Dr. Felisa Smith Explores the Influence of Ancient Humans on Mammal Body Size
Posted: Apr 19, 2018 - 12:00am
Researchers have demonstrated that mammal biodiversity loss, a major conservation concern today, is part of a long-term trend lasting at least 125,000 years. As archaic humans, Neanderthals and other hominin species migrated out of Africa, what followed was a wave of size-biased extinction in mammals on all continents that intensified over time.
A new study titled Body size downgrading of mammals over the late Quaternary, released Friday in the prestigious journal Science, is the first to quantitatively show that human effects on mammal body size predates their migration out of Africa and that size selective extinction is a hallmark of human activities and not the norm in mammal evolution.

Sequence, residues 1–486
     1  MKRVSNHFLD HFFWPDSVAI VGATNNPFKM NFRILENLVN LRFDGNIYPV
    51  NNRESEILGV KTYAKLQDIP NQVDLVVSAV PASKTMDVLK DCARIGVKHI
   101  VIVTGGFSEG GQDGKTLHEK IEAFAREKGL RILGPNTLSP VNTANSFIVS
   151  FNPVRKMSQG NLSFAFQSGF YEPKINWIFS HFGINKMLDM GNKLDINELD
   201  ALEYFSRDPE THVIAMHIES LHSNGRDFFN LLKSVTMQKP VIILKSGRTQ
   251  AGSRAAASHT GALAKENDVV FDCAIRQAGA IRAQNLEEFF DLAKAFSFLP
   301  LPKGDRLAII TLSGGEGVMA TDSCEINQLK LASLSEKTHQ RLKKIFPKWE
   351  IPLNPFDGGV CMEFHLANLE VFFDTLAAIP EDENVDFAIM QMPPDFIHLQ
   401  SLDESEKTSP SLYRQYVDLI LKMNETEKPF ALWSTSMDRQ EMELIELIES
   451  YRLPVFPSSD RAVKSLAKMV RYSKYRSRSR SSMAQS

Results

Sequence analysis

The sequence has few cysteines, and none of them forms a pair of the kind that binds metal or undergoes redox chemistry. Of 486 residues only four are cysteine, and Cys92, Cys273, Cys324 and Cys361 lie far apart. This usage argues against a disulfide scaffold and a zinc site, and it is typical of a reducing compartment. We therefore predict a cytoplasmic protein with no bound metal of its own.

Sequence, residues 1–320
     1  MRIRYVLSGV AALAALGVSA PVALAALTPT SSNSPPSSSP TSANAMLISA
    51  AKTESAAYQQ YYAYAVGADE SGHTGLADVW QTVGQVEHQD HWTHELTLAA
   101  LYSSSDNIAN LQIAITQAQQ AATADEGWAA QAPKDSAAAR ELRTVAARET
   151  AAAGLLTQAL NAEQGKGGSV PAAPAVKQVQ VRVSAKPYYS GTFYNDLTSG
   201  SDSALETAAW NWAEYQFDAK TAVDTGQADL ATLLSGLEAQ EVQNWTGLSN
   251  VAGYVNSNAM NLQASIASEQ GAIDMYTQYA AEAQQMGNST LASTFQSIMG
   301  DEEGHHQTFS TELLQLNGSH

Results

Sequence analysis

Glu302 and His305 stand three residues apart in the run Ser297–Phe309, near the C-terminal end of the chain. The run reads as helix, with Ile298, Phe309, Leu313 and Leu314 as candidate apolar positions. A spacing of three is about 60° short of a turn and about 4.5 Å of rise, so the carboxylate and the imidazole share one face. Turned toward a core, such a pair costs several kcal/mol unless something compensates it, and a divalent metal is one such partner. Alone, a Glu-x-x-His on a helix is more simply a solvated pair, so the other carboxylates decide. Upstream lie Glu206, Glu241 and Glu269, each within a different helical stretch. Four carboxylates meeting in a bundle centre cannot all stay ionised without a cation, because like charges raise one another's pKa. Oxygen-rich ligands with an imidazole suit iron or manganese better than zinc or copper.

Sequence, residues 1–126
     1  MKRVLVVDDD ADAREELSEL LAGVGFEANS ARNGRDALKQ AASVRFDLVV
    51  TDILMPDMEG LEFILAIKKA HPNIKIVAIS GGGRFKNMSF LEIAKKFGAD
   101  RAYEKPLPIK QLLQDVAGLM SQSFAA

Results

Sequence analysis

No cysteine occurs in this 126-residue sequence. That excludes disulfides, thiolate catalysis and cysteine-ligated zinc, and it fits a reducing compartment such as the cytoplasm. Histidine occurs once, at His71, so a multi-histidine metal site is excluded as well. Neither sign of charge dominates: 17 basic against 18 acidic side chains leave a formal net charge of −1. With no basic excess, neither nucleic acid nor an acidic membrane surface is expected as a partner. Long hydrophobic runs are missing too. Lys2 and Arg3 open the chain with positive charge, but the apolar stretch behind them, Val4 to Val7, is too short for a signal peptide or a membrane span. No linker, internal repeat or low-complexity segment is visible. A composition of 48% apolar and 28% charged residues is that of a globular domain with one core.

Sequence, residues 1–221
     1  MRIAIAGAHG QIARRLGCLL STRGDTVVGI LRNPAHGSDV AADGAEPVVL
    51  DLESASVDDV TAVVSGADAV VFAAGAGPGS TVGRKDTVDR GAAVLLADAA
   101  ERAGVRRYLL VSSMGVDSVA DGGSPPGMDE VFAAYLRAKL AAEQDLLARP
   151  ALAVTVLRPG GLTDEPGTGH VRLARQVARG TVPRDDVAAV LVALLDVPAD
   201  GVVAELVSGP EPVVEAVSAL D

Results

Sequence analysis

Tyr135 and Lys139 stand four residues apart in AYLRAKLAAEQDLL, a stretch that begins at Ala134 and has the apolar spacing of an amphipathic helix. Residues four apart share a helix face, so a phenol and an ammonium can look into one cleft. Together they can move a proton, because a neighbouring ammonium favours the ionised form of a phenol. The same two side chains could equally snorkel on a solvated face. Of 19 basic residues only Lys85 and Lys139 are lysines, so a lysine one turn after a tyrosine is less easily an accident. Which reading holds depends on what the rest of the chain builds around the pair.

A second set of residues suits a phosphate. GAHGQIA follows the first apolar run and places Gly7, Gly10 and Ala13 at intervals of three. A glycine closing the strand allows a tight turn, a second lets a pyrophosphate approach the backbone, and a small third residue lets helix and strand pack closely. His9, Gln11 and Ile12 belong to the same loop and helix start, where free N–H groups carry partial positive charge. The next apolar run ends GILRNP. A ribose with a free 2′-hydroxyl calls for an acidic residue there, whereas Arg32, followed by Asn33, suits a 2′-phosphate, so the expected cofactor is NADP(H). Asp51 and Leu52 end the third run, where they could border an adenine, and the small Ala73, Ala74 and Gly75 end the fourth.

The research, funded by a National Science Foundation (NSF) grant, was led by Dr. Felisa Smith at The University of New Mexico, along with colleagues from University of California San Diego, University of Nebraska-Lincoln and Stanford University. The researchers showed that body-size downgrading – the loss of the largest species on each continent over time – is a hallmark of human activity, both in the past and present. If this trend continues into the future researchers warn, the largest terrestrial mammal in 200 years will be the domestic cow.
Read the full story at the UNM Newsroom.